If time were turned back 50 years, there would be no cell phones or home computers. Radio broadcasts and the newly developed television would be the key connectors to the events happening around the world. President John Fitzgerald Kennedy would be in office and his assassination would take place this Friday, Nov. 22 in Dealey Plaza in Dallas, Tex.
Imagine experiencing the first U.S. president shown on television,as well as observing coverage of his assassination and funeral.
These memories form emotional standpoints in the generations who watched history unfold and has resulted in America remembering JFK’s image fondly.
“The assassination of JFK reminds me of how backwards people can be and the extremes to which people will go to exercise their hate, as well as the use of a martyr to a cause,” sophomore Daniel Hazeski said.
This Friday will be the 50th anniversary of the assassination of one of the most recognizable presidents in history, yet his presence is still as prominent as ever.
According to The Hollywood Reporter, “Killing Kennedy,” the movie adaption of Bill O’Reilly’s book, ranked in a total of 3.4 million viewers for the two-hour movie special.
“He was very influential and he left a lasting impact on the American people,” sophomore Chris Otmar said.
JFK has a reputation of glory and his aura is accentuated by descriptions of him to this day.
His efforts in the civil rights spectrum left him in a long-standing positive moral position. Kennedy had an essence that captured the hearts of millions of people.
Also, being the first televised White House family not only kept citizens up to date with the entire first family’s lives, but it created a bond with the American people.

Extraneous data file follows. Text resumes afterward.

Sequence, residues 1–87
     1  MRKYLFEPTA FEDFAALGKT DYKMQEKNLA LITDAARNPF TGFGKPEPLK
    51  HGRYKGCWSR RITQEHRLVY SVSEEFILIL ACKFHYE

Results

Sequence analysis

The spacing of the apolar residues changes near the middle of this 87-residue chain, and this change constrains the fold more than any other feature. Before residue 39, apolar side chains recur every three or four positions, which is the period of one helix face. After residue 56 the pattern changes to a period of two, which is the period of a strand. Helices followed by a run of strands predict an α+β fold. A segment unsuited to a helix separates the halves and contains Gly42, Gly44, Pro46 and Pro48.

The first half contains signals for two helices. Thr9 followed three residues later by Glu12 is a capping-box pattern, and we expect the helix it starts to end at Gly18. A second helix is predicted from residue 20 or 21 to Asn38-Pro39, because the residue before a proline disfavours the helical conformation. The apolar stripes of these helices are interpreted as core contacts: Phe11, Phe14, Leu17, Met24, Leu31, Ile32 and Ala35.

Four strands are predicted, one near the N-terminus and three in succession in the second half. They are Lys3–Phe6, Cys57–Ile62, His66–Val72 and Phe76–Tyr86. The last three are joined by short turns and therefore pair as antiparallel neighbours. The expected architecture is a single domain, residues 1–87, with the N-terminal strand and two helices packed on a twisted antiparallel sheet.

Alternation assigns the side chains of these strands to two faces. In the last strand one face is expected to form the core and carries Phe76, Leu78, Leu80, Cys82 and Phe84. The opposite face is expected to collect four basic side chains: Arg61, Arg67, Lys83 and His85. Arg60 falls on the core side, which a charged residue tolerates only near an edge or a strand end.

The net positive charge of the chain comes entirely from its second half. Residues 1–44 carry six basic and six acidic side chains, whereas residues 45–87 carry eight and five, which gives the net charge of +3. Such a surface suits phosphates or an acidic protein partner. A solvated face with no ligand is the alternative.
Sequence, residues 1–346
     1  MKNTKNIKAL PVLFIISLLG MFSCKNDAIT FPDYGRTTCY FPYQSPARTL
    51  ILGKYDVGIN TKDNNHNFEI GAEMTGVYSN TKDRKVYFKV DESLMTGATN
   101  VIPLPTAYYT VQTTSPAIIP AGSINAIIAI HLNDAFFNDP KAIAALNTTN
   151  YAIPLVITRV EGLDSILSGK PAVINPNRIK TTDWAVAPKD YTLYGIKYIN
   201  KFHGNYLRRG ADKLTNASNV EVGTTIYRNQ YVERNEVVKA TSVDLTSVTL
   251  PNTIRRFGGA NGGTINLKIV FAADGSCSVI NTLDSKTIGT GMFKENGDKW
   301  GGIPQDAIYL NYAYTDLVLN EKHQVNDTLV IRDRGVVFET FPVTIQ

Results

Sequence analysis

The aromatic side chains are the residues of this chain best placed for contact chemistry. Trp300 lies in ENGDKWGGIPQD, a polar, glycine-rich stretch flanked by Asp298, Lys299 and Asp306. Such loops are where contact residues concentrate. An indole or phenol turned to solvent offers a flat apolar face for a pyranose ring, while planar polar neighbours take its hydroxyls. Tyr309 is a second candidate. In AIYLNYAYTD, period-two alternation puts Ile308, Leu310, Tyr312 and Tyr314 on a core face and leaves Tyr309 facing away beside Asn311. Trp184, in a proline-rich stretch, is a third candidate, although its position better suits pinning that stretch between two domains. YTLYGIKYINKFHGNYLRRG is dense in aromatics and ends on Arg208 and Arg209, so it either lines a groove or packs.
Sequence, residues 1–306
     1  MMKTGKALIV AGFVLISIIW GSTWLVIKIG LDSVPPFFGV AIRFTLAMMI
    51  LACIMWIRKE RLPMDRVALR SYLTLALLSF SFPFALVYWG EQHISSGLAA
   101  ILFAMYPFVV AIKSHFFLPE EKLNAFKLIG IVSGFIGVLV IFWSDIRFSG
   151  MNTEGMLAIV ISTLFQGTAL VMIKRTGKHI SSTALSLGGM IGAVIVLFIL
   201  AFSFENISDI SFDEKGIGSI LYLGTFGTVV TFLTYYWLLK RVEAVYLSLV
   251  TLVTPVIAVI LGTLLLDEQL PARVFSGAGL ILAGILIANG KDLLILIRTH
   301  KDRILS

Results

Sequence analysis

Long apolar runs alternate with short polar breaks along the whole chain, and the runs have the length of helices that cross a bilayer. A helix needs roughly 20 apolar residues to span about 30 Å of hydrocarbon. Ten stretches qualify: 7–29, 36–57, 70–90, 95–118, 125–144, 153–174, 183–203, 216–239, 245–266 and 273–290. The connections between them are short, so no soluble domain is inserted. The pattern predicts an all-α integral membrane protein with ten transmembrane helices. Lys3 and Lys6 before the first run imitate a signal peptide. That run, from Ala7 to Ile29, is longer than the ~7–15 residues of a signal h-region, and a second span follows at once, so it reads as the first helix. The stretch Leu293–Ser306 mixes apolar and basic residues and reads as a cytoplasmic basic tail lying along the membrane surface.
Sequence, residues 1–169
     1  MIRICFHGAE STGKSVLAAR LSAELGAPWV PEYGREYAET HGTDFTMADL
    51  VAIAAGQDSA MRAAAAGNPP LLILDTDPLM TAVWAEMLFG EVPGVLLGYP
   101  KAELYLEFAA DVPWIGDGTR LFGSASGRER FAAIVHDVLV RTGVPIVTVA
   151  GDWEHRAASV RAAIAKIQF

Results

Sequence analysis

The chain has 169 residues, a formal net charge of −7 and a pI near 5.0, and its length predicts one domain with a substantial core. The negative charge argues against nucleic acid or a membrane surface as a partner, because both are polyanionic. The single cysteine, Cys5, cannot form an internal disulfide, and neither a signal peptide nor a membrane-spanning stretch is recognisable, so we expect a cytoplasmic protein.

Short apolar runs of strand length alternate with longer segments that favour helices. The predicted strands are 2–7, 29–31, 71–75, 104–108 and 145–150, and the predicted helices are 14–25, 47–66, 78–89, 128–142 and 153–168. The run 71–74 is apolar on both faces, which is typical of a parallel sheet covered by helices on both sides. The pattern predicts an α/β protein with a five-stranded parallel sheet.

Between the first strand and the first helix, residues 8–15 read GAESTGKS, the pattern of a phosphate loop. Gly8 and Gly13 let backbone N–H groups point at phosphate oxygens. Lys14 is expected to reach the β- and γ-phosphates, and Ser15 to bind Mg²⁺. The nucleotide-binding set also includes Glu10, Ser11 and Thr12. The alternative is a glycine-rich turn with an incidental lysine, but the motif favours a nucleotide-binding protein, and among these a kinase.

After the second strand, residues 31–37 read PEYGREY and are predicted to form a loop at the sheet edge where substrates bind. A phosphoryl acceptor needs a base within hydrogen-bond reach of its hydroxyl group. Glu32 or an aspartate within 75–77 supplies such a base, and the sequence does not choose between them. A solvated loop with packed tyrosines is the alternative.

The ability to watch the family grow and see the president give speeches formed a connection with the Kennedys. This was the first time the nation could connect with a president to such extent.
“It’s the emotional impact, the resonance of seeing him as the first television president,” said Ryan Medders, professor of communication at California Lutheran University.
To this day, people have a resonating image of JFK in their head, even for those who were not alive to witness the assassination. Words such as charismatic, youthful or talented speaker intermingle in the conversations about the former president.
These are also words that get paired with President Obama today. He may have sparked some of the feelings that many of the JFK generation associated with the former president, creating a hyper reality of reminiscence, especially during the 50th anniversary.
JFK’s presence is one that will remain prominent for years to come. Presidents who can create unison in the country are rare to come by. Whether the assassination was a conspiracy or fate, JFK connected the patriotic hearts of millions across the U.S.
“My fellow Americans, ask not what your country can do for you, ask what you can do for your country,” JFK said.
Though his term was short-lived, he created a connection, an everlasting bonding point for Americans to reflect on. This legacy is one that is irreplaceable. Jacqueline Kennedy perpetuated her uplifting message of the Kennedy administration in her interview with Life magazine directly after his death.
“There will be great presidents again,” Jacqueline Kennedy said. “But there will never be another Camelot.”
JFK only displayed charisma, but a sense of heroism is associated with his actions, leaving an immovable legacy in the hearts of countless Americans.
Published Nov. 20, 2013